Wentzel finds own path to God
BELPRE – Pastor Ignatius Wentzel, 52, pastor of From the Heart Church Ministries, 1266 Putnam-Howe Drive, Belpre, did not follow the traditional path to becoming a pastor in the United States.
Born in South Africa in 1961, Wentzel completed primary and high school before going to work at a steel mill. Six months later, Wentzel was called to fulfill his mandatory 10 years of military service.
“I was allowed to go to fulfill my military service and received excused paid leave,” Wentzel said.
Little did Wentzel know the changes in his life that would take place during those 10 years.
While on South Africa’s Border Patrol, Wentzel and two other solders were crushed when a Buffel, a military transport, they were in was attacked.
The two men sitting on either side of him died, but Wentzel survived.
“I suffered a broken pelvis, a ruptured spleen and damage to my back,” Wentzel said. “I am very lucky to be alive after experiencing the call which ultimately led me to God.
“I am so grateful He was watching over me for those 10 years of my life and I owe Him my thanks and praise, going into the ministry seemed the best way to thank and repay Him for His protection,” said Wentzel, “I began to hear the call to serve God, but did not act upon it immediately.”
Wentzel returned to work at the mill, beginning his eight years as a military reserve.
“I was called one time each year, for anywhere between one to three months at a time,” Wentzel said.
Wentzel also met his wife, Charmaine during this time.
Wentzel eventually left the mill to join a company manufacturing graduation gowns. While employed at the gown company, Wentzel met the late Nelson Mandela during Mandela’s inauguration as chancellor of the University of the North.
“He was unlike any politician I had ever heard of, rather than a hand shake and a short exchange, he sat down and talked to the entire table, taking time to share stories from his life,” Wentzel said. “He was a religious and kind-hearted man and it was an honor to meet him.”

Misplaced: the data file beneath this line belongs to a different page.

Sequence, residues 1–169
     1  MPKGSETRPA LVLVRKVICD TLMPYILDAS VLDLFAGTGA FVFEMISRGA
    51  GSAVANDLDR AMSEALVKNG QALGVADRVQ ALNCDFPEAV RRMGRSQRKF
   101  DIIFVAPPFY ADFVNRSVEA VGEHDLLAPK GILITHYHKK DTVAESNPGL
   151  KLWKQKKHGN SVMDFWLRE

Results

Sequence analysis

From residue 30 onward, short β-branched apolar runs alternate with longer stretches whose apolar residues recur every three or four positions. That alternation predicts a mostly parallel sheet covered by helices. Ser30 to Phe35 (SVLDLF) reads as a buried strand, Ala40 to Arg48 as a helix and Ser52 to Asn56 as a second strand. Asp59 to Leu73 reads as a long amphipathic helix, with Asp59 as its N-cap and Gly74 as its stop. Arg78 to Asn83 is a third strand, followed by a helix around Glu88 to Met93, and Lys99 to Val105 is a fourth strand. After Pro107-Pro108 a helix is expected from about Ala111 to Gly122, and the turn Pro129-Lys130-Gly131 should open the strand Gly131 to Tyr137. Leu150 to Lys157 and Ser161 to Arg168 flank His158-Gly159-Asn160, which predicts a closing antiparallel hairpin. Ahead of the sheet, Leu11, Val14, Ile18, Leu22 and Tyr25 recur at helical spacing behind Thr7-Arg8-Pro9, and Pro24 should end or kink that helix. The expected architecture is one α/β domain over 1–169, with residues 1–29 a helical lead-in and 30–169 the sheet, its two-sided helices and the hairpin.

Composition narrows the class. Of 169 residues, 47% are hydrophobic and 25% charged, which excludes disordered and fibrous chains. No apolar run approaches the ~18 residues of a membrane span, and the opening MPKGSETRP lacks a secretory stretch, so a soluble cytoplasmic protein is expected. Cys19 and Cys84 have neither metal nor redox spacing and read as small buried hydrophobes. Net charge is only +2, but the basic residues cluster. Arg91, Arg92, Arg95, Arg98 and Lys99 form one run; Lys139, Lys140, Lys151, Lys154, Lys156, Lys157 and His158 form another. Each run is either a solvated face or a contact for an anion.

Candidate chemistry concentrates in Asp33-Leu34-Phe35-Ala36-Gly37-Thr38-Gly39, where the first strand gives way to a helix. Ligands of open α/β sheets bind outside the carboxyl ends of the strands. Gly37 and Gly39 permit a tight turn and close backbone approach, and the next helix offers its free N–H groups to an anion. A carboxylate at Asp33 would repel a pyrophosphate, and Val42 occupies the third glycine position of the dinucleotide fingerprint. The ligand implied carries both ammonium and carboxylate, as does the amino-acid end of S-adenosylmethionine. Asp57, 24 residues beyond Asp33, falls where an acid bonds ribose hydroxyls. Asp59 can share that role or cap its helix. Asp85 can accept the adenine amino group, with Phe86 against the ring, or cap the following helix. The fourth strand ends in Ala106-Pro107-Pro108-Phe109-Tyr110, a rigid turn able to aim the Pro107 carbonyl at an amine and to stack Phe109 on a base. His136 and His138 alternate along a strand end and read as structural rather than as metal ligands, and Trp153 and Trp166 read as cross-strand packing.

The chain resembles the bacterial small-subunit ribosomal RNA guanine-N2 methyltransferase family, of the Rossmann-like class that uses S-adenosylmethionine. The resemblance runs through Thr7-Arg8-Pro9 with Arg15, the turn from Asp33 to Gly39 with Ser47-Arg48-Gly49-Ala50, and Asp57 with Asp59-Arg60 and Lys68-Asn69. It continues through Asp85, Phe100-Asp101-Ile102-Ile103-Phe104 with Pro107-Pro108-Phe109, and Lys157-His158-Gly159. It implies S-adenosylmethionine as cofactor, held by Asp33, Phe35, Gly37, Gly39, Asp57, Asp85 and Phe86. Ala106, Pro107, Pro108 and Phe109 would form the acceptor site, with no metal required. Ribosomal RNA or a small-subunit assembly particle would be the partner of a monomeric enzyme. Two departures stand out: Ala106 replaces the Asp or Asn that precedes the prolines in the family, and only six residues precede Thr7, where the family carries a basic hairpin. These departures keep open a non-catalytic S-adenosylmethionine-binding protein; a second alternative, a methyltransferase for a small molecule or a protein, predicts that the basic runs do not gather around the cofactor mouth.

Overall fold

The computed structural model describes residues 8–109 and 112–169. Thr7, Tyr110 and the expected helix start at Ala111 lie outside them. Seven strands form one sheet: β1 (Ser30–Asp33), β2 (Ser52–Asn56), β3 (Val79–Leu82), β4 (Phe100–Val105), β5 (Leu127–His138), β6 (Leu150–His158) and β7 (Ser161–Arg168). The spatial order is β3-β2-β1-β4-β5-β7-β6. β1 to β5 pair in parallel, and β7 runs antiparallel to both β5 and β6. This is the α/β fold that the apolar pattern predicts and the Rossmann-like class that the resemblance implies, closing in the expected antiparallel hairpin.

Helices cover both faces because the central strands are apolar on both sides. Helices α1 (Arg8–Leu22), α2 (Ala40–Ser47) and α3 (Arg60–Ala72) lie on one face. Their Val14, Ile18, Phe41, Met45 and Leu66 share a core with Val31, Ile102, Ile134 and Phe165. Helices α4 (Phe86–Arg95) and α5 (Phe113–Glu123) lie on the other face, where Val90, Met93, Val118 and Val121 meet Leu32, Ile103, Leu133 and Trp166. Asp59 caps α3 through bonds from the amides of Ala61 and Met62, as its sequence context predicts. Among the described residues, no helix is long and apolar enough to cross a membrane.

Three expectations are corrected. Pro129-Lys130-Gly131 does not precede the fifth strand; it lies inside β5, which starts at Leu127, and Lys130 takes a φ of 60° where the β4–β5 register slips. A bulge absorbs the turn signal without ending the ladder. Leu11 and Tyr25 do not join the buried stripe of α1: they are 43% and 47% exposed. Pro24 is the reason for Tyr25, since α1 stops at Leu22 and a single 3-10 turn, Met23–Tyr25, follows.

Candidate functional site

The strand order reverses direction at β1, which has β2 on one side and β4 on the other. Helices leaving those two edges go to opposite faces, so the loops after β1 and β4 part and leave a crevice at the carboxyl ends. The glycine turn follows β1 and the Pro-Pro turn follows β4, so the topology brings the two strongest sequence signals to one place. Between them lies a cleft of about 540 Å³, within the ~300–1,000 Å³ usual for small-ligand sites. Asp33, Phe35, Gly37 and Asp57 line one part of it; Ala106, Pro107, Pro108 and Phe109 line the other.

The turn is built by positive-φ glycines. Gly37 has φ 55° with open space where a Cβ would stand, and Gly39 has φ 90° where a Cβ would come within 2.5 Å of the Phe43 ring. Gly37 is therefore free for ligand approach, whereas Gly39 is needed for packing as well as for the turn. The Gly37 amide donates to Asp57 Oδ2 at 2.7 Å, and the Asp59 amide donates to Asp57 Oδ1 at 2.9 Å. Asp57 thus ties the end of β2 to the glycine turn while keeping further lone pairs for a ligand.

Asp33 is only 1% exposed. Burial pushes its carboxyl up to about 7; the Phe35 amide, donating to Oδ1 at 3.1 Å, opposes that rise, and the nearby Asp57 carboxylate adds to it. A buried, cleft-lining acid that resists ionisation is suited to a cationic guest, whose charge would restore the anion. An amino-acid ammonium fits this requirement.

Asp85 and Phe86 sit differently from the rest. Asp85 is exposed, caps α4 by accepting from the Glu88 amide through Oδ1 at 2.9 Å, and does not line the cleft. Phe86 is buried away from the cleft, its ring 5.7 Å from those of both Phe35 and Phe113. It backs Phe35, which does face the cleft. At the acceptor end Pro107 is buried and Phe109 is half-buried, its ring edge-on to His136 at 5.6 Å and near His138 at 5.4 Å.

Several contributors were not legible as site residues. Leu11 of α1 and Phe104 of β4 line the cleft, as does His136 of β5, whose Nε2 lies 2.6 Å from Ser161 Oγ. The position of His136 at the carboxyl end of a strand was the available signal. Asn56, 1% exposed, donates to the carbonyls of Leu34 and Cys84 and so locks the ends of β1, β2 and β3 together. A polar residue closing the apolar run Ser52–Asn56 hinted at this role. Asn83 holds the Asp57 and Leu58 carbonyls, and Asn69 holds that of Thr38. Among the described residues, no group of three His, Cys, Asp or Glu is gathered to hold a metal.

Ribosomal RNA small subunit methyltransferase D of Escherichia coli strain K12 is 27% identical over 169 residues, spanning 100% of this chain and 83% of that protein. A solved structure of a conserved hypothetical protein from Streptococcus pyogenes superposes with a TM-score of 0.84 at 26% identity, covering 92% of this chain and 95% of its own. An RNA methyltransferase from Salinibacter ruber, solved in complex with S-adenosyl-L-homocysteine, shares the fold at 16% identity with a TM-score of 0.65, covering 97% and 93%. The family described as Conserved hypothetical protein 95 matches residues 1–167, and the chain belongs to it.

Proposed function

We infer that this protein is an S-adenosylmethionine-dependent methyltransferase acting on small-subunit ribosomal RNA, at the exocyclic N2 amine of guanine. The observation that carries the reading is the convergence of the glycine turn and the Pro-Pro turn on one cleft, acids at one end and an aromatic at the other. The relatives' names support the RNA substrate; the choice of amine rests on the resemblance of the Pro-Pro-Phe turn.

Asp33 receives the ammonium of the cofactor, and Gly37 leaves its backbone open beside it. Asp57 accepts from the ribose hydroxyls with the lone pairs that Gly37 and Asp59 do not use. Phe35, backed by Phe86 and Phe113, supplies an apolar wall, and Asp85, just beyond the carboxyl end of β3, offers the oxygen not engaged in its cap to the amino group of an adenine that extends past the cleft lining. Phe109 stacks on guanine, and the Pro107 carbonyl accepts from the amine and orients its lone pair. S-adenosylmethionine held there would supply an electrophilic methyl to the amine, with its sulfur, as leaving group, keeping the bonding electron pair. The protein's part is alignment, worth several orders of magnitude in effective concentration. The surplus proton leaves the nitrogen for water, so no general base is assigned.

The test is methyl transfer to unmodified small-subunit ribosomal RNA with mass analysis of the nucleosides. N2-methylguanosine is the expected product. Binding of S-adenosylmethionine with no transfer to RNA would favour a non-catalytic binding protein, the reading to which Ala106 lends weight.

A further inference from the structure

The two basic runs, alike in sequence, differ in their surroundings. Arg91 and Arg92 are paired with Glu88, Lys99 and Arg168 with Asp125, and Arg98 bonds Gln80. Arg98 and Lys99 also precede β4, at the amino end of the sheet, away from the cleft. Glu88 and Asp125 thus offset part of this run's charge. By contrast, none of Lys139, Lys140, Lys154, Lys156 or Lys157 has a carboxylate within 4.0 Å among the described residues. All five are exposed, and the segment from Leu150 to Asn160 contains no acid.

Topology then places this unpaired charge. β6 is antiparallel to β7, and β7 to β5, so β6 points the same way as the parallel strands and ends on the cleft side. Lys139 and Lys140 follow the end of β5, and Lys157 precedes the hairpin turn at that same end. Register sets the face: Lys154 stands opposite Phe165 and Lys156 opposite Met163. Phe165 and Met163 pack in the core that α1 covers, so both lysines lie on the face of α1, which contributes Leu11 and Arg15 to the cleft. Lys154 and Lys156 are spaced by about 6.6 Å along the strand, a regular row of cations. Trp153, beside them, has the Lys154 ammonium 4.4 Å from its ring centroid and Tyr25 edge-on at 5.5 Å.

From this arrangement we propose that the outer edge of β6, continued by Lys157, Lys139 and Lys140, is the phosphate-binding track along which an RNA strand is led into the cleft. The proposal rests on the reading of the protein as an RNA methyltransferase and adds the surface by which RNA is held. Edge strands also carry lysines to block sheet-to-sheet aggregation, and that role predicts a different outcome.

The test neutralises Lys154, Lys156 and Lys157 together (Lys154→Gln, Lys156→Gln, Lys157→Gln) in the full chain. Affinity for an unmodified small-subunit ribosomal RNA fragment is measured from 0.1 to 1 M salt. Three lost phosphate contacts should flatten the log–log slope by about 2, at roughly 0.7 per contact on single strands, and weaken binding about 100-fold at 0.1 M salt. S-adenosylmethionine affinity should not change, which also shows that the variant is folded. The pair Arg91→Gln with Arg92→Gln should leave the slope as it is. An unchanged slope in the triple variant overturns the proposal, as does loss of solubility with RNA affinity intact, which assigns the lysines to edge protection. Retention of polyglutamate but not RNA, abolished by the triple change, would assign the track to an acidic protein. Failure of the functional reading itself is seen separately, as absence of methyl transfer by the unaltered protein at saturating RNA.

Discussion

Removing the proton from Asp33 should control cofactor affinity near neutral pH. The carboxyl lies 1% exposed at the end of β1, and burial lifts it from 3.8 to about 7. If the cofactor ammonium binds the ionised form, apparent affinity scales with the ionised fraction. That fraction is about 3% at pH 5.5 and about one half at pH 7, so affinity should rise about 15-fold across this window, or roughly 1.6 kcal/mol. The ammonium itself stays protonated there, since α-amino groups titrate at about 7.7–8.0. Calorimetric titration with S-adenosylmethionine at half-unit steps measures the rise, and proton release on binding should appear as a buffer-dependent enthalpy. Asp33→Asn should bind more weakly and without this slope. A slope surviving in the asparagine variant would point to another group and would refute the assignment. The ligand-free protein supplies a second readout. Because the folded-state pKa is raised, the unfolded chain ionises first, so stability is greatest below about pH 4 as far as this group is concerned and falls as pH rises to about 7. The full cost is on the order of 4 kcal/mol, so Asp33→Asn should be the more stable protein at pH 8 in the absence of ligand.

After meeting with Mandela, Wentzel opened a graduation gown business, eventually meeting a church friend who sparked his interest in answering his original call to serve.
“I traveled with my wife to America for the first time in 2000, we visited Colorado Springs. It was the first time I had ever seen snow,” he said.
After his brief stay in the states, Wentzel returned home and studied to become a pastor and in 2008 joined the leadership of the ministry in South Africa under the leadership of Pastor M.J. Marais, where he pastored for almost 2 years. The church than relocated to Krugersdorp, Johannesburg, which is when the couple decided to move to the U.S.
“We arrived here in 2008 and attended the opening of the Constitution for the U.S. chapter of FHTCM,” said Wentzel.
The couple would move between South Africa and the U.S. for the next four years, attending the ministry’s general meeting with other church leaders in 2010 then returning home before permanently transitioning to America in August 2012.
After waiting 14 months on Nov. 17, Wentzel became the third pastor of the church in Belpre.
Wentzel and the church preach unity among the human race and that everyone needs one and other.
“You never know who you will meet, so be nice to everyone,” said Wentzel.
Wentzel credits Pastor John A. Cherry who helped start him on the path to pastor hood with the church in America.
“He (Cherry) gave me the best piece of advice during my decision-making; he told me ‘If this is what is in your heart and is what you want to do then it was meant to be,” says Wentzel.
Wentzel invites everyone to attend services at the church, sharing that he invited the entire hotel he and his wife resided at when first moving to Belpre, to experience God for themselves.